One of my favourite manuscripts is so called Taymouth Hours, dating back to the second quarter of the 14th century (British Library,Yates Thompson MS 13). Its name comes from Taymouth Castle in Scotland, where the manuscript was kept in the Early-Modern times (and also, it contains notes in Scots dialect dating back to the 16th century). It is a luxurious prayer book (Book of Hours), created most likely in London, for someone from the royal family; it was commissioned by a queen, as it contains several depictions of crowned women. There are various hypothesis on who could have been the donor; most recently Kathryn A. Smith in her book“The Taymouth Hours: Stories and the Construction of the Self in Late Medieval England” (2012) argued that the manuscript was commissioned by queen Philippa of Hainault, wife of the king of England Edward III, as a gift for the king’s sister Eleanor of Woodstock on the occasion of her betrothal to Reinald II of Guelders in 1331.
Anyway, this beautiful and lavishly decorated manuscript was undoubtedly intended for a woman. There are many interesting scenes in bas-de-page (lower margins) of each page. There is a strange misxture of Biblical scenes, episodes of chivalric romances and various legends.
I suppose I will get back to this manuscript here on my blog more than once. Today I would like to focus on certain legends about Virgin Mary, depicted in this Book of Hours. The source material for them was most likely a compilation entitled Les Miracles de Nostre-Dame („Miracles of Our Lady”), collected by Gautier de Coincy, benedictine monk living at the turn of the 12th and 13th centuries. Most of those stories were later retold in the collection of 420 songs, entitled Cantigas de Santa Maria, written in the medieval Galician-Portuguese language during the reign of Alfonso X of Castile El Sabio (1221–1284), and often attributed to him. They also appeared in other compilations, known around the Europe. Most of them are the stories about how Virgin Mary miraculously rescued sinners that got themselves into troubles. Often she simply did that by beating the devil.
Among those legends there is a story about the cursed child (conceived in sin and dedicated to the devil), rescued by Virgin Mary – I have already written about it in my post entitled “Our Lady of the Baton” (available HERE).
Meanwhile, among the stories illustrated in the Taymouth Hours we would find another fascinating “motherly” story: it is about an abbess who got pregnant (“The Abbess Delivered”). The titular abbess was a very pious woman, especially venerating Virgin Mary; alas, one day the abbess fell pregnant with the steward. The nuns of the convent informed the bishop about it, but Virgin Mary saved the abbess: she had the baby delivered and hid it at a certain hermit’s place. When the bishop decided to examine the abbess, it turned out that the Mother of God miraculously restored her virginity. In the series of images in the Taymouth Hours we may see the Virgin taking the newborn child away (with the aid of an angel), then an angel delivering the baby to a hermit, and a bishop checking out if there was any milk in abbess’ breasts. Meanwhile, the child was nursed by Virgin Mary herself.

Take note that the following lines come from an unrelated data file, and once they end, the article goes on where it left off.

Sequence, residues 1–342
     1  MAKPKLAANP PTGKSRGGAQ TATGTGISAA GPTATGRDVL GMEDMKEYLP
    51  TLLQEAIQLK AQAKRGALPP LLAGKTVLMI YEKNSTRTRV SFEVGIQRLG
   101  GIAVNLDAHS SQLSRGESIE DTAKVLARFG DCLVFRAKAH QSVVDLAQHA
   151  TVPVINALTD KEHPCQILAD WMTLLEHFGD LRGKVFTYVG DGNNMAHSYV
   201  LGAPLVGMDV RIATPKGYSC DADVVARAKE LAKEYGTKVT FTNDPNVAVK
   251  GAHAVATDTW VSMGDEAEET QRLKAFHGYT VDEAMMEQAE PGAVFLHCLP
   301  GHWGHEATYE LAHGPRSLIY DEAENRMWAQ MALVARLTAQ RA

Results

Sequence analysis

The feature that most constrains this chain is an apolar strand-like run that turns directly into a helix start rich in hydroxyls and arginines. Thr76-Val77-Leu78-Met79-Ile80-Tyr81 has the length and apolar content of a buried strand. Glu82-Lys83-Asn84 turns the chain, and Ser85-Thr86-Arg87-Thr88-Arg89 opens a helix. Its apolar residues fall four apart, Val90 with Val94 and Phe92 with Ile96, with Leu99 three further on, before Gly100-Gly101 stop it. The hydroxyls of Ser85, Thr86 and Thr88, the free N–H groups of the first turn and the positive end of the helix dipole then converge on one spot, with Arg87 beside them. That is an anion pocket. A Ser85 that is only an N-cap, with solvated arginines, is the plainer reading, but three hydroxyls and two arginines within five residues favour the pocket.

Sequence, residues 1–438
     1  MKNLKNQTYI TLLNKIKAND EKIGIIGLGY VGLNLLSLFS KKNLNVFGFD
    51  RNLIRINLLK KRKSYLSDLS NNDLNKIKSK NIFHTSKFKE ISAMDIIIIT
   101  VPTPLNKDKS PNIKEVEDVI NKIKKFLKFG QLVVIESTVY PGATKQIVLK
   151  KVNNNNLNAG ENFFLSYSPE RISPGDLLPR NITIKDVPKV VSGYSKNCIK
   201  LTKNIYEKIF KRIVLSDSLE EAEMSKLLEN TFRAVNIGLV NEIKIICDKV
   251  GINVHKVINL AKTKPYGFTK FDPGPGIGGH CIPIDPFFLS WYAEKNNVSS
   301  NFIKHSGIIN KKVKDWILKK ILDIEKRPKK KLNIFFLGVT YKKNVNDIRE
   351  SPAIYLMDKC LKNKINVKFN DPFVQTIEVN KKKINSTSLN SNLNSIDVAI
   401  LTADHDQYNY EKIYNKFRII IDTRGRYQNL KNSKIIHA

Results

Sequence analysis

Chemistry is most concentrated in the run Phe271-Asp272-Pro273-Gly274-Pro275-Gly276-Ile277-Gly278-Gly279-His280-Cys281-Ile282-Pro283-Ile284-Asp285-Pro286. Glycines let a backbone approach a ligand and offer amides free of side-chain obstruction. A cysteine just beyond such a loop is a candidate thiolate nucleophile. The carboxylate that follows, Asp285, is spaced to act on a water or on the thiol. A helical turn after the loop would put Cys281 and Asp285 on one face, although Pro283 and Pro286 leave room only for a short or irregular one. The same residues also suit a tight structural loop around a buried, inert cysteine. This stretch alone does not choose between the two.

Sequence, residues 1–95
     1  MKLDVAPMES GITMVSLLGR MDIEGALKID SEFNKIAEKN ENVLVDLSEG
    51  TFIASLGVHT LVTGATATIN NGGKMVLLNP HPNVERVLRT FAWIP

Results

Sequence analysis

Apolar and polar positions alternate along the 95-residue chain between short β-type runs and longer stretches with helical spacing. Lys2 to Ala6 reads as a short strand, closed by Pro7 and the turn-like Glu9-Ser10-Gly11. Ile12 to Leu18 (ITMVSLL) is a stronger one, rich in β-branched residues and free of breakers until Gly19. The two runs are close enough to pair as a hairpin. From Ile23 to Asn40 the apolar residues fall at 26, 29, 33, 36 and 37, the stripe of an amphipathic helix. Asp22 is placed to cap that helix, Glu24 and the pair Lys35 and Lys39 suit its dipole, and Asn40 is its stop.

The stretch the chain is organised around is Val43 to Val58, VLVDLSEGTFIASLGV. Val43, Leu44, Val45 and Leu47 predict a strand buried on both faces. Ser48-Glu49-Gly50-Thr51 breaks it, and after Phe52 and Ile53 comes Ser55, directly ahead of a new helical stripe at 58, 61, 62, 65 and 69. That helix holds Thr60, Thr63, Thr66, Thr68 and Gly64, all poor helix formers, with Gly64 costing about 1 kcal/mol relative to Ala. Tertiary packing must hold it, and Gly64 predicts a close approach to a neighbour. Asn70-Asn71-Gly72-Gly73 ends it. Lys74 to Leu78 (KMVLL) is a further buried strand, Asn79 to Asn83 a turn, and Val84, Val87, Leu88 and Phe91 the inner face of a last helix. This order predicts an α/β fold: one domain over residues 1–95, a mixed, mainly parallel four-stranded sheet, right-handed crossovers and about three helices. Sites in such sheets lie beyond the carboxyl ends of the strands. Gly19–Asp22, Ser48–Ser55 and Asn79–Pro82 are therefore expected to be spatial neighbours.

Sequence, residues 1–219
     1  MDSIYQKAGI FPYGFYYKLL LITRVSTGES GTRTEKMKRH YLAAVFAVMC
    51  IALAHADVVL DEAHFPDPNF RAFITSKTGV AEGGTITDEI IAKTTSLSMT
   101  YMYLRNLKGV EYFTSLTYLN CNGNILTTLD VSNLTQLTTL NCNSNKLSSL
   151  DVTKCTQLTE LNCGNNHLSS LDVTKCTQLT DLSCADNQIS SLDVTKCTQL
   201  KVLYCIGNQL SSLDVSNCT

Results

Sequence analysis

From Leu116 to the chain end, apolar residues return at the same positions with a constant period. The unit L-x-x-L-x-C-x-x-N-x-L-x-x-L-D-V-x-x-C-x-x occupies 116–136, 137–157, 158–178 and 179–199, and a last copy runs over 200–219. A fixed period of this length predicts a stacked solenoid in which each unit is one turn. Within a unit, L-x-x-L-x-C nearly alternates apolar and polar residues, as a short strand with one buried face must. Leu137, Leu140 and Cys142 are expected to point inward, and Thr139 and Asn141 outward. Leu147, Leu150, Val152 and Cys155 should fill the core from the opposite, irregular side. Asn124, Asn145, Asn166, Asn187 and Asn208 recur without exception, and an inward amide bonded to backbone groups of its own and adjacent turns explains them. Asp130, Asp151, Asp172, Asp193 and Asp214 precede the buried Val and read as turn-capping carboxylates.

All together we may notice that in those medieval legends the Mother of God is often morally ambiguous, saving sinners from punishment they otherwise deserved. It goes along with the cultural trope of a merciful mother, juxtaposed with a just father (and so, the sinners are children, seeking their Mother’s help to avoid the punishment from God the Father, even though they actually deserve the said punishment). Especially often those stories featured Madonna saving women or clergy. Another interesting example would be a story of a monk, who had an affair with a married lady. They were found out and imprisoned in stocks, but Mary came to the rescue, bringing a pair of devils with her. She freed the couple and put the devils in the stocks – the monk immediately returned to his monastery, wile the lady went home. Finally, the abbot who came to see captured monk, found the devils in stocks instead, so he decided that the whole accusation was false.
And so, it seems that Virgin Mary in medieval legends was helping out adulterers (!) and oath-breakers, especially those who broke the vows of chastity or marital vows. It is especially interesting when we consider the fact that this particular Book of Hours was most likely a gift from one woman (already married) to the other (who was just about to get married).
Here we may notice, though, that some medieval medical treaties (e.g. the 12th-century „De curis mulierum”, attributed to a physician from Salerno, named Trota) actually contained recipes for “restoring” virginity, and those did not recommend praying: the best would be applying leeches on labia before the wedding night, to acquire swelling and bleeding expected of the act of defloration. It looks like even in the Middle Ages women trusted medical knowledge more they they trusted Virgin Mary – at least when it came to deceiving their husbands.
But to whom those poor husbands may have prayed? Well, I suppose it could have been St Joseph.